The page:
A tantrum is common in children aged 1-3 years and it is an unplanned outburst of anger and frustration; these outbursts can be physical, verbal or both. Your child may act out, be disruptive and generally display unpleasant behaviors – when your child “loses it”. Some of the triggers may be: tiredness, jealousy, hunger, lifestyle changes, excessive pampering and strict parental intervention or authoritative discipline.
Communicate with your child instead of arguing. Ask and allow them to answer by
providing different scenarios to the current situation. For example, if he/she
was playing with the pet ask him/her: “If you play roughly with the pet, what
would happen? Would you enjoy play time more than if you treated it nicely?”.
This conversational approach will develop common sense and analytical skills.
Provide options rather than bossing them around. Make them feel as if they are in
charge of their own decisions. For example, if he/she had to pick up their toys
and have lunch, ask him/her: “Would you like to pick up your toys first then
have lunch? Or the other way around. Freedom of choice gets things done
smoothly and desirably.
Use Distractions. Add a fun factor before things go out of control. For
example, if you were going for a car ride and your child starts screaming and
wobbling around in refusal of sitting in the car seat, tell him/her: “I’ve got
your favorite coloring book and some crayons. They’re all yours... go wild!”.
This approach will lure them in and keep them occupied the whole time.
them to steam out. Give your child permission to scream and shout
until they’re ready to stop. For example, if you were at home and the tantrum
suddenly occurs, tell him/her: ‘You can yell louder if you want to. We’re home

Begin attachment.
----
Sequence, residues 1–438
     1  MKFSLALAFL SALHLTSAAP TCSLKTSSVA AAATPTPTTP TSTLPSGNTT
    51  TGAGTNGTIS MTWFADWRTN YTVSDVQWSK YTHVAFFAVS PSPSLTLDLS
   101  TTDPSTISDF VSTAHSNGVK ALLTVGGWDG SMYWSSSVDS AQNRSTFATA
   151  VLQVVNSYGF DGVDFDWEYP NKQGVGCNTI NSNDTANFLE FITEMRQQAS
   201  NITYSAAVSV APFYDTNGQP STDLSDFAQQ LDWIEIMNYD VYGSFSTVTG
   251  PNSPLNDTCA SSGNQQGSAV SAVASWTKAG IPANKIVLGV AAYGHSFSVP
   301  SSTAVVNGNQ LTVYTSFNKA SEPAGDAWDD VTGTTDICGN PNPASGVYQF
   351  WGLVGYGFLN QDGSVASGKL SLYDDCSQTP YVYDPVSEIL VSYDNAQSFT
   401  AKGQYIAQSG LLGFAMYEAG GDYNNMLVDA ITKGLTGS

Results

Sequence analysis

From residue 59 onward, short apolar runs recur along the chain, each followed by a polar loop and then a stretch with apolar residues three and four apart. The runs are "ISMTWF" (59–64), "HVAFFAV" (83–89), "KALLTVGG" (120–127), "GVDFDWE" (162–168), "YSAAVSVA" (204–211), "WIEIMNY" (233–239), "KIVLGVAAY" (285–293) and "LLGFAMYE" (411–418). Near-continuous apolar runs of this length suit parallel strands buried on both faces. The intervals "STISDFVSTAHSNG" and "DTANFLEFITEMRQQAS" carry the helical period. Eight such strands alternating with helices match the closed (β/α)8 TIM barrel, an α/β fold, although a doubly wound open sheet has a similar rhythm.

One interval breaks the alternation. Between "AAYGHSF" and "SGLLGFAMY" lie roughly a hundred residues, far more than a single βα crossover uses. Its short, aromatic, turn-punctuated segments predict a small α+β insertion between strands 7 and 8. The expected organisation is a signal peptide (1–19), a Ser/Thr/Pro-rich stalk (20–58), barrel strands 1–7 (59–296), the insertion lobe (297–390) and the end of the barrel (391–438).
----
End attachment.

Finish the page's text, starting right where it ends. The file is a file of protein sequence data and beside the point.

and no one is bothered by that’. This paradoxical instruction would relieve and
calm them down instantly.
Make way for learning through risk-free experiences. Acquiring skills and good habits
happens effectively through experiments. For example, if you were
cooking and he/she were bored and constantly nagging tell them: “How about we
get messy and bake a cake together? Would you like to prepare and mix all the
ingredients by yourself?”. Being involved in new situations will
certainly boost their confidence and entertain them.
Observe, Identify the trigger and work your way around it. Set a time limit to his/her
activities. For example, if he/she always refuses to turn off the TV to go wash
up and head to bed, tell him/her: “I will set a 5-minute timer and when it goes
off, you have to go brush your teeth and sleep”. This will train their mind to
respect and manage time.
Patiently discuss the situation post-outburst. Approach him/her quietly and speak to
them about what has happened and why. For example, if he/she had a hysterical
outburst at the supermarket over a chocolate bar, sit them down and have a
one-on-one conversation about why they wanted that candy so badly and if all
that screaming was necessary. Making them feel safe and understood would bring
them closer to you.
It is always
better to work with tantrums not against them. Tantrums and/or stubbornness can
have a positive outcome as well!
Cultivate a courageous attitude
Develop a strong personality
Promote positivity and maturity
Everything can be of benefit to your child’s development and character when treated wisely.
tips and witness an immediate change in your child’s behavior!